Link between stationarity of AR(2) and stability condition of corresponding difference equation

In the standard textbooks, such as Hamilton (1994), it is stated that the conditions for stationarity of a process

$y_t = \theta_0 + \theta_1 y_{t-1} + \theta_1 y_{t-2} + \epsilon_t$

follow from the stability condition of the the characteristic equation of the corresponding difference equation

$(1-\theta_1 z - \theta_2 z^2) = 0$,

which are that its roots lie outside the unit circle.

I don't understand how the stability conditions of the corresponding difference equation relates to stationarity of an AR(2) process. Does anyone know a book or give me a hint on their relation?

Many thanks!

\begin{align} (1-\theta_1L-\theta_2L^2) y_t=e_t \end{align} where $L$ is the backward shift operator $(Ly_t=y_{t-1})$. Now convert the problem into an MA problem. \begin{align} y_t=\frac{1}{(1-\theta_1L-\theta_2L^2)} e_t \end{align} on the other hand assume that the polynomial, $(1-\theta_1L-\theta_2L^2)$ has two roots saying, $\alpha$ and $\beta$. Then you can write the denominator as, \begin{align} y_t=\frac{1}{(L-\alpha)(L-\beta)} e_t \end{align}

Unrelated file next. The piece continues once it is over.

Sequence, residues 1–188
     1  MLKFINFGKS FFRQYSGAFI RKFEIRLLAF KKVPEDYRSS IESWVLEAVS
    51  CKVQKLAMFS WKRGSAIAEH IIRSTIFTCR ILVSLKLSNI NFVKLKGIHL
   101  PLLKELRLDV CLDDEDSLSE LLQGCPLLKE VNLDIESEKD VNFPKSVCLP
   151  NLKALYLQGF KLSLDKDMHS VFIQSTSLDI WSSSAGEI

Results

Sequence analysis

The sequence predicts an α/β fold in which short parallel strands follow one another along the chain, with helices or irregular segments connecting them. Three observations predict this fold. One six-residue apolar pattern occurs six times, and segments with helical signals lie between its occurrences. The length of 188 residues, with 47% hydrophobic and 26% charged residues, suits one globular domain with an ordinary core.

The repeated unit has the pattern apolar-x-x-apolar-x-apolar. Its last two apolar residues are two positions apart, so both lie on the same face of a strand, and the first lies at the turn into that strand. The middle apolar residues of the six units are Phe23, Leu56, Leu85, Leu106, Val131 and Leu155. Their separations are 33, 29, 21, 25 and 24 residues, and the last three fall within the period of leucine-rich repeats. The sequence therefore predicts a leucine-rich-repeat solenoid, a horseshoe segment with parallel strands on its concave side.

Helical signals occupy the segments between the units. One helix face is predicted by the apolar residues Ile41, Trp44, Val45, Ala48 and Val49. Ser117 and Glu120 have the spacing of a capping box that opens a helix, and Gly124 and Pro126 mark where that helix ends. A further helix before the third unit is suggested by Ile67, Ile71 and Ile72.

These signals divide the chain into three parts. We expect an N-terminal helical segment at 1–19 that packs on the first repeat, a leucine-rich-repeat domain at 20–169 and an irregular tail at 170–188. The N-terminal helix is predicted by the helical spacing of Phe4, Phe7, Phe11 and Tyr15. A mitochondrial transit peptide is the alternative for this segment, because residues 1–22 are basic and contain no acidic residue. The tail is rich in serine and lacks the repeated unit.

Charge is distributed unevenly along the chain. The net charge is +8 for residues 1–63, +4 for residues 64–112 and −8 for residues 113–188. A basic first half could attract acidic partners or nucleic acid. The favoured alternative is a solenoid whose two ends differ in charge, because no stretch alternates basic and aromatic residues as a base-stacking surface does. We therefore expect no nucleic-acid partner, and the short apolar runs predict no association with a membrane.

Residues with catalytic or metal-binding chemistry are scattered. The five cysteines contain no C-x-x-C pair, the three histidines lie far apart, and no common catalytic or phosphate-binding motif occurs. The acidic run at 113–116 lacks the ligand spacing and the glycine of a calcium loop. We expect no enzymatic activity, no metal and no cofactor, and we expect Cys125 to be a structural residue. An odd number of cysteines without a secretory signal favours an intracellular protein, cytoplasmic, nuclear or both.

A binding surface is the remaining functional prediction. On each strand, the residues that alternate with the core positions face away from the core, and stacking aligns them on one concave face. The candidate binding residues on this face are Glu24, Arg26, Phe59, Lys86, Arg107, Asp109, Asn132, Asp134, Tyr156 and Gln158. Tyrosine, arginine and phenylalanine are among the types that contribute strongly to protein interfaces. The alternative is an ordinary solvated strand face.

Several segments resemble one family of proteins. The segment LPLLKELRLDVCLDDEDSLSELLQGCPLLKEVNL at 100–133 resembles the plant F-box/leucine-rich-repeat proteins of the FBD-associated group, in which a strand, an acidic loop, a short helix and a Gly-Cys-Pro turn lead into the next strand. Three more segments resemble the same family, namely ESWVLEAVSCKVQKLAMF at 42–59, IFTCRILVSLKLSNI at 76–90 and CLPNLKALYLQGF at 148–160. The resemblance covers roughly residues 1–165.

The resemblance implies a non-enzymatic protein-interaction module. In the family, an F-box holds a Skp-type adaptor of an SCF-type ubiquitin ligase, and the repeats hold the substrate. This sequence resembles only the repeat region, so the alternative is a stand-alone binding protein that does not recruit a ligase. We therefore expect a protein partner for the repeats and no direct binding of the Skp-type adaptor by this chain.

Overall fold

now rewrite each term in denominator as a power series, $\sum_{i=0}^{\infty}(L/\alpha)^i = \frac{-\alpha}{L-\alpha}$ and similarly for the second term. Now you can let the backward shift operator to operate on $e_t$ (before that L was in the denominator and there is no definition about how L can operate). But the point is that $\alpha$ and $\beta$ must be greater than one otherwise the power series diverges, meaning for example variance tends to infinity!
You should notice that $L$ is an operator not like a variable or parameter and it just operates linearly on the index of its next term.